Miami Herald (Sunday)

Teen social media ban isn’t the only GOP legislativ­e idea to silence Floridians | Opinion

- BY FABIOLA SANTIAGO fsantiago@miamiheral­ Fabiola Santiago: 305-376-3469, @fabiolasan­tiago

Only parents know when their children are ready, or not, to be given privileges.

Yet, in lockstep with Republican­s in Congress, and overreachi­ng again on matters of First Amendment and parental rights, the Florida Legislatur­e is poised to ban children under age 16 from social media.

Glad my strapping 15year-old grandson, who posted on his private Instagram a picture of us on a mountain trail and boasted, risking his cool vibe — “Hiking with grandma!” — doesn’t live in Florida anymore.

His free-speech rights and his parents’ rights to make the decision to allow him to have an account they monitor aren’t up for political grabs in the blue state where he lives.

But in the “free state of Florida” that First Lady Casey DeSantis constantly brags about on her social media, if the Legislatur­e passes bill CS/SB 1788 and Gov. Ron DeSantis signs it, another parenting decision about what we expose our children to will be made for us by state government.

Social media will join a growing list of what’s no longer allowed in the not-so-bright Sunshine State: Book-reading drag queens. Discussion of historic oppression of Blacks. Any mention of gayness and transness in schools.

Theirs is an all-out effort to shape and control the next generation of voters. They want them less critical, and as closedmind­ed and conservati­ve as possible.

But that’s not the only end game.

Suppressio­n of critics is also in the mix this presidenti­al election year, and since the supermajor­ity Republican­s in the Florida Legislatur­e has gotten away with once unthinkabl­e bans for years now in the name of children, who’s going to object, other than the affected?

But, along with the social media crackdown, the Florida Legislatur­e is also considerin­g bills that would curtail public criticism of elected officials by journalist­s, bloggers and pundits and make it harder for journalist­s and citizens to report and independen­tly investigat­e ethical violations.

What a danger to expose Florida’s young people in social media to all that truth!

READ MORE: Black historians, Holocaust survivors: Miami schools seek parent consent for more events


Children are being used as a political tool to justify another round of censorship on adults, a proven strategy to sideline Democrats that has worked for the GOP in Florida, and thankfully, royally failed DeSantis on his presidenti­al run.

The rest of the country isn’t buying as good policy the assaults on democracy that in Florida began with the spreading of the falsehood that our children in grades K-3 were being exposed to sexuality and pornograph­y through books and class discussion­s.

Once the first and less ambitious attempts to silence gays — the Parental Rights in Education Act better known as “Don’t Say Gay” — became law, during the next legislativ­e sessions, lawmakers extended anti-gay and antiBlack initiative­s to high schools, and then finally, stripped college campuses of diversity studies.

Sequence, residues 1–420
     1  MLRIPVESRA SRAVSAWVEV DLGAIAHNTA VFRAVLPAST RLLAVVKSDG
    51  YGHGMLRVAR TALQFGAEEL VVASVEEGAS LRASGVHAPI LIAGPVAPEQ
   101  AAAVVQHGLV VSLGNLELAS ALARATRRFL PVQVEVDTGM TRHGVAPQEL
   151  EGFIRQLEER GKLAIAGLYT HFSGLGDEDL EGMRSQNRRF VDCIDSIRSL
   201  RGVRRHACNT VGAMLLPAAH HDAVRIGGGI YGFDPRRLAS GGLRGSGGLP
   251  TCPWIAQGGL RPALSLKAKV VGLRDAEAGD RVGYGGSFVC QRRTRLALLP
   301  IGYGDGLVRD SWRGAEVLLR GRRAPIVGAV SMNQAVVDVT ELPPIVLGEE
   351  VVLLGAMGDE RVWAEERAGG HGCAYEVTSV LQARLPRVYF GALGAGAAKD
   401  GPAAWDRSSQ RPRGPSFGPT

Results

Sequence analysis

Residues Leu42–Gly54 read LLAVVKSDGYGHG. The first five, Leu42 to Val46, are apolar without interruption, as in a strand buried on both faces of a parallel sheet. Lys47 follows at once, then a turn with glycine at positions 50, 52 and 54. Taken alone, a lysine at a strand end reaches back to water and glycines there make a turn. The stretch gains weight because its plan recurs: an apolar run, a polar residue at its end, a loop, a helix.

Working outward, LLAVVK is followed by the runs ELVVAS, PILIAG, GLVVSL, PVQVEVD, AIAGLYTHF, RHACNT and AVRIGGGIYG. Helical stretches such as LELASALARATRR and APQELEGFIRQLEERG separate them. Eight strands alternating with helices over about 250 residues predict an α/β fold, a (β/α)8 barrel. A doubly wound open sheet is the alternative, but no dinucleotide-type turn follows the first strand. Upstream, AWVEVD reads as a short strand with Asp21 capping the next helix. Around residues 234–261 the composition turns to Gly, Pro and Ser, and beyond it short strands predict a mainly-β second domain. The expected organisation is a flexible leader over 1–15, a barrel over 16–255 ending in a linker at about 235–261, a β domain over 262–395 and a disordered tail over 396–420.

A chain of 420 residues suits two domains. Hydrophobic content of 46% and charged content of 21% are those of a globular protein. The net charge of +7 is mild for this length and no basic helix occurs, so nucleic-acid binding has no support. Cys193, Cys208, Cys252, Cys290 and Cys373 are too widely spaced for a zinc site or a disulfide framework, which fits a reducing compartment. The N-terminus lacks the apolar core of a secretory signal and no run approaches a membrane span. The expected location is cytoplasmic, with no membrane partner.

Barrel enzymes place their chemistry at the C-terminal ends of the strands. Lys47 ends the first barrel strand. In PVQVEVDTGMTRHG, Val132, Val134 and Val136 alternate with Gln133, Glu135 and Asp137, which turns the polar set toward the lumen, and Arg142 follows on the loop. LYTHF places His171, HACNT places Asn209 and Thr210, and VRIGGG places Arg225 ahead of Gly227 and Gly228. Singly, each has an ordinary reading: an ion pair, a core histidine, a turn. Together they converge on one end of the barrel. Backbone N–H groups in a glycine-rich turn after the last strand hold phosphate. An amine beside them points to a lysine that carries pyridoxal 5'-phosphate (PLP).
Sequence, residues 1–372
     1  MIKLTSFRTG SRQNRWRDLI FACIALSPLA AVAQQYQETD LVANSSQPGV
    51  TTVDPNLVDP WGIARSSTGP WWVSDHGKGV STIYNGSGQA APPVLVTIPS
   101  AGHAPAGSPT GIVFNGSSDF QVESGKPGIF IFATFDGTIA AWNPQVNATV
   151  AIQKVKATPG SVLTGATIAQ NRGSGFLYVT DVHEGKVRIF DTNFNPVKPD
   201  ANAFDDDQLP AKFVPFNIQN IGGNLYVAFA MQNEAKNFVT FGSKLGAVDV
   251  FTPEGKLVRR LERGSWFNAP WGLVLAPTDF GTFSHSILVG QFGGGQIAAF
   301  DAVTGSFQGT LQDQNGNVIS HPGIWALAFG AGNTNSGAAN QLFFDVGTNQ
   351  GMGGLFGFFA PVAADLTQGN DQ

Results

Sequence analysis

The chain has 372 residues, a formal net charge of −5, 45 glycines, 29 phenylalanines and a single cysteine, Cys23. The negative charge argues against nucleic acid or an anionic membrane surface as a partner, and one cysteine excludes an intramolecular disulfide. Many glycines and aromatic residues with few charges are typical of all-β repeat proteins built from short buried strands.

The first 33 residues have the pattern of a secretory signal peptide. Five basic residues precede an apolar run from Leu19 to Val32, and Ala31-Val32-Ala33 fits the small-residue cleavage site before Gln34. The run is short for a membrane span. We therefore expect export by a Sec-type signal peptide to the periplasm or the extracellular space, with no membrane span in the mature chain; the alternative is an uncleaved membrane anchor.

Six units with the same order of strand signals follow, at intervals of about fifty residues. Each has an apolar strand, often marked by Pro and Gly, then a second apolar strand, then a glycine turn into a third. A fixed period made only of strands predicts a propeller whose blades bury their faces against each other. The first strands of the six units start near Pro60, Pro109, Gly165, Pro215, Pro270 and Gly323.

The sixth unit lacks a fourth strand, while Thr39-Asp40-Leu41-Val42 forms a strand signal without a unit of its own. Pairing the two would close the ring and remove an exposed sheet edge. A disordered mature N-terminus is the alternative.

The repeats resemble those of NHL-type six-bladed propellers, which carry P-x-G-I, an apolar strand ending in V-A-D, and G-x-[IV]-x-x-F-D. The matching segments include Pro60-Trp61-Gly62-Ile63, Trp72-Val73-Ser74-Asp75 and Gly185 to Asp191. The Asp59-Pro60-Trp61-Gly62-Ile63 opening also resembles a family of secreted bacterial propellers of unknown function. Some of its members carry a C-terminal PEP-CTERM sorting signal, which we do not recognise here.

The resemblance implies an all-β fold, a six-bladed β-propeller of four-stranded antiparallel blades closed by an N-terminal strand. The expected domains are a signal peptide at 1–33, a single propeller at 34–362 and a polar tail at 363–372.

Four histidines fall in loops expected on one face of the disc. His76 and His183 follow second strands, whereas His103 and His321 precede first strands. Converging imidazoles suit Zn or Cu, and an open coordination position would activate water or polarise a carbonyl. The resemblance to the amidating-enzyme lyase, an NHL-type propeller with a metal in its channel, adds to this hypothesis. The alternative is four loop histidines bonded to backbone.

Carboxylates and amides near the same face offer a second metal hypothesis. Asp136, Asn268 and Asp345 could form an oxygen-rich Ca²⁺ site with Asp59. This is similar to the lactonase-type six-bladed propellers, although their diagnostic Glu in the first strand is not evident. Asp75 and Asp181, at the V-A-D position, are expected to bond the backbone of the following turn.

Likewise, the issue of young people’s social media use and cases of exploitati­on, the subject of a Judiciary Committee Congressio­nal hearing

Jan. 31 staged mostly by Republican­s, has the markings of more culture wars to be waged.

At the congressio­nal inquiry on technology and online child sexual exploitati­on, Sen. Josh Hawley, R-Missouri, accusingly asked Meta CEO Mark Zuckerberg if he had compensate­d victims and families for what they suffered while on his Facebook and Instagram platforms.

And Sen. Lindsey Graham, forgoing his culpabilit­y for lax gun laws that place military-style weapons in the hands of young people who shoot up schools, accused Zuckerberg of having “blood on his hands” for not better monitoring his society-changing creations.

They barely let Zuckerberg speak, immediatel­y dismissing his explanatio­ns and citations of research because the hearing wasn’t a search for truth, but a mock trial for God knows what plan to come if dictatorsh­ip-promising Donald Trump returns to power.


Neither in Washington nor Tallahasse­e do Republican­s mention the responsibi­lity of parents to monitor their children’s social media use. Would parents leave children alone in a playground exposed to predators, the misbehavio­r of other children, and adults who might hurt them?

So, why don’t they monitor their social media, computer and phone use?

The solution to potential harassment and exploitati­on online isn’t that hard.

There’s no violation of rights when parents or guardians set rules for children’s technology use and monitor it.

In our family, we’ve all come to learn that yes, being online increases the risk of exposure to objectiona­ble informatio­n and peer pressure, as happens in person or via television. But use of technology also opens opportunit­ies to learn about our children’s likes and dislikes, abilities to cope and, most importantl­y, as one daughter so aptly described, their “big feelings.”

While the social pressure teens may feel using social media could add another layer of angst, parents with open lines of communicat­ion with their children can use what they post and discuss with friends as conversati­on starters.

Isn’t it better to know what they’re going through than hiding heads in the sand and hoping for the best?

Yes, it takes work and being attentive to your child.

The danger versus the benefits of social media is a conversati­on we should continue to have, but before we endorse government interventi­on, we better be prepared for the repercussi­ons of giving up rights.

Handing parenting over to government­s comes with a high price tag.

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